Unsupported browser

For a better experience please update your browser to its latest version.

Your browser appears to have cookies disabled. For the best experience of this website, please enable cookies in your browser

We use cookies to personalise your experience; learn more in our Privacy and Cookie Policy. You can opt out of some cookies by adjusting your browser settings; see the cookie policy for details. By using this site, you agree to our use of cookies.

Croydon creates first in-house architects department in years

  • Comment

The London Borough of Croydon has created an in-house architecture practice to design housing schemes across the borough

The move bucks the trend of recent decades, which has seen councils ridding themselves of architects departments. Croydon said its new unit will assist a newly formed development company established by the council to deliver new housing on 80 sites it owns.

Colm Lacey, director of development at Croydon Council, told the AJ: ‘Council funding may demand that the company is a commercial success, but our placemaking ambitions insist that it leads by example and creates beautiful, sustainable and socially conscious developments.

‘To deliver this very practical task, we need the right kind of resources to call on throughout the development process.’

Chloe Phelps, shortlisted in January for the AJ Emerging Woman Architect of the Year award, will move to head up the unit from her current role helping to lead the placemaking team within the council’s spatial planning service. Her team will directly design some projects while leading stables of private practices on others in a ‘collegiate approach’.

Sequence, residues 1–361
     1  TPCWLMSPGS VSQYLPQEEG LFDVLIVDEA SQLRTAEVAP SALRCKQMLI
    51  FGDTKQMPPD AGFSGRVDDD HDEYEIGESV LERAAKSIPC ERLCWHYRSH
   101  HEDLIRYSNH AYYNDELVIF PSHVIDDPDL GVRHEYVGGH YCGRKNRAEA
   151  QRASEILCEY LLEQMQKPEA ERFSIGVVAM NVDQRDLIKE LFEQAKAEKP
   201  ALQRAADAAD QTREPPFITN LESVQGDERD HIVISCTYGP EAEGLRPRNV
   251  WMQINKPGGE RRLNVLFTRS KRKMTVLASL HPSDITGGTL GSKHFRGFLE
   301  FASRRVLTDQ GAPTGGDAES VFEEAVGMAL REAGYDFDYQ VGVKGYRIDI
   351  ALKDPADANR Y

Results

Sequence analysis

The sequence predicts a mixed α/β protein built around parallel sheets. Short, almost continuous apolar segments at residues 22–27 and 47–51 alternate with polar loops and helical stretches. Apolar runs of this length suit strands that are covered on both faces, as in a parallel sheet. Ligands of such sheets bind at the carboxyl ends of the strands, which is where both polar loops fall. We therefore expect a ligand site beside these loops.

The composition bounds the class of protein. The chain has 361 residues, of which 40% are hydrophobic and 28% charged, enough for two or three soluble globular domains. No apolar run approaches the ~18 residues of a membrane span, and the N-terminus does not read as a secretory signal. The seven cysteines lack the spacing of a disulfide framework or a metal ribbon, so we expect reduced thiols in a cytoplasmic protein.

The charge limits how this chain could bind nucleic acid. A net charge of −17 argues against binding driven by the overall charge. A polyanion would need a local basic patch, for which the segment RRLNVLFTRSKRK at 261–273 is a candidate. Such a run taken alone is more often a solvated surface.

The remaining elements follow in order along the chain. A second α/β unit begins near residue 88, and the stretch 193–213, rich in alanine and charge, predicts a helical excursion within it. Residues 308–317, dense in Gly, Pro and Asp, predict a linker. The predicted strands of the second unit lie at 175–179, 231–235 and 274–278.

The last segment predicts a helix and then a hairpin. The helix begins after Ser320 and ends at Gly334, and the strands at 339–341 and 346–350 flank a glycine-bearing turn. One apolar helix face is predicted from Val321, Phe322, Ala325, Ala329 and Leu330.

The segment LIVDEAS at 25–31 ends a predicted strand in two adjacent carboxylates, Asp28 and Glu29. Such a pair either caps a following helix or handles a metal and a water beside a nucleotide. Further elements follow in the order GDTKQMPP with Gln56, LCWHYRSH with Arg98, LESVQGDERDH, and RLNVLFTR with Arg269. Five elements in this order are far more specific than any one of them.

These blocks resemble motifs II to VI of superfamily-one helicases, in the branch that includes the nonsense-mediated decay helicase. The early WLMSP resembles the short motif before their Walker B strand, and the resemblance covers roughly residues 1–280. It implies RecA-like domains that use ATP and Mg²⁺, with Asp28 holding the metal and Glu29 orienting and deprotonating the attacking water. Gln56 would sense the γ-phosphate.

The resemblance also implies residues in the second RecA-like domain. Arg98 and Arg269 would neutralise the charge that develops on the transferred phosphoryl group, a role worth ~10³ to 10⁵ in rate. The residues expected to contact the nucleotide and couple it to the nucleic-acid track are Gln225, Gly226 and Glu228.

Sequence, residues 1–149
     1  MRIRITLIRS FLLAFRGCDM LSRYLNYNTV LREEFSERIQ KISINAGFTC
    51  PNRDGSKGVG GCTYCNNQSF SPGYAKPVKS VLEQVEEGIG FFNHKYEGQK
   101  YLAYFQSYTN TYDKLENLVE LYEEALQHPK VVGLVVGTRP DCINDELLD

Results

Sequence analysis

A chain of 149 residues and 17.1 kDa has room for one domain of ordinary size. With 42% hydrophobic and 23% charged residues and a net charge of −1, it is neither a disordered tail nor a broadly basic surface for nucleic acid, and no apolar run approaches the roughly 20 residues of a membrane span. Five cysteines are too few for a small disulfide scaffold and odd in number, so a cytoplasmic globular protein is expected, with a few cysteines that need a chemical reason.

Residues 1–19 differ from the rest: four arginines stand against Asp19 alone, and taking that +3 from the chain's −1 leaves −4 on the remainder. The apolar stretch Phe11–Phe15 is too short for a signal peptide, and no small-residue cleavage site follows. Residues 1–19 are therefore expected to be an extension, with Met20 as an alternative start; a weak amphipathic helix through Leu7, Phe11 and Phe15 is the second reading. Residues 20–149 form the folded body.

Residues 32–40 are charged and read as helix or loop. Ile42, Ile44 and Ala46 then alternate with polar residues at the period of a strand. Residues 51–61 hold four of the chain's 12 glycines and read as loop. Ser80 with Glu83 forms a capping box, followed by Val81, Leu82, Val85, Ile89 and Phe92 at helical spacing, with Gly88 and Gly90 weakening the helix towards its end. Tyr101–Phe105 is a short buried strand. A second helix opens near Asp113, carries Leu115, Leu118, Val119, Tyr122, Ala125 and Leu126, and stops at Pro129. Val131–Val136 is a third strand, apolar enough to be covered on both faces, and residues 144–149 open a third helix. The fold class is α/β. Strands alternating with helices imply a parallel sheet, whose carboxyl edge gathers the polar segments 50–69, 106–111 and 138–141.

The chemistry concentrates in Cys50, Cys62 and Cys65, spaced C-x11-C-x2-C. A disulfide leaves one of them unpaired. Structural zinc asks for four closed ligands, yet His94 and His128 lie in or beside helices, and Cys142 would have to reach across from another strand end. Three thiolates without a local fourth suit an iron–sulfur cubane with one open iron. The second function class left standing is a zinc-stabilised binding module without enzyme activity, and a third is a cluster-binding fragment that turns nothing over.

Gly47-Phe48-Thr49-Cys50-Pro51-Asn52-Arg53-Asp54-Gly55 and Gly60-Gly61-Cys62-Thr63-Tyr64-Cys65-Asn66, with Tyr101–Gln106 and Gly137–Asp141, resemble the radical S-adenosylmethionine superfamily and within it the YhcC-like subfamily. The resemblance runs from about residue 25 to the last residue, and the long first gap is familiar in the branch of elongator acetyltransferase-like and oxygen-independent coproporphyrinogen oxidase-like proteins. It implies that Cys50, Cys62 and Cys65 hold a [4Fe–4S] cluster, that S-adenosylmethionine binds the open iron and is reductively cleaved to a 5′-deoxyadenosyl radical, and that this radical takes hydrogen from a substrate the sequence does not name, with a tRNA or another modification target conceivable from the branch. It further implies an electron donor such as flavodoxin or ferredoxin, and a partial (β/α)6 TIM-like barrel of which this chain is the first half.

Sarah Morris, president of the Society for Public Architecture, Construction, Engineering and Surveying described the move as ‘unusual’.

She said: ‘The norm is that, once in-house architects services have gone, they don’t come back. To try to convince councillors to build up an in-house team is very hard in the current economic climate.’

Former RIBA president Owen Luder welcomed the news but said the council needed to guarantee the independence of the new unit. ‘Inevitably the pressure will be on to give the “right” answers,’ he said.

London planning expert Brian Waters, principal at Boisot Waters Cohen Partnership, said the move could help the council become a better client when procuring external architects. He said: ‘They [in-house architects] had become very inefficient and were eating the lunches of consultant architects.’

But Lacey said the new unit would ‘stay much, much smaller and focus on one key task – providing well-designed, high-quality, cost-efficient housing for local people’.

Read Colm Lacey’s full explanation about why the council has developed an in-house architectural team here.

  • Comment

Have your say

You must sign in to make a comment

Please remember that the submission of any material is governed by our Terms and Conditions and by submitting material you confirm your agreement to these Terms and Conditions.

Links may be included in your comments but HTML is not permitted.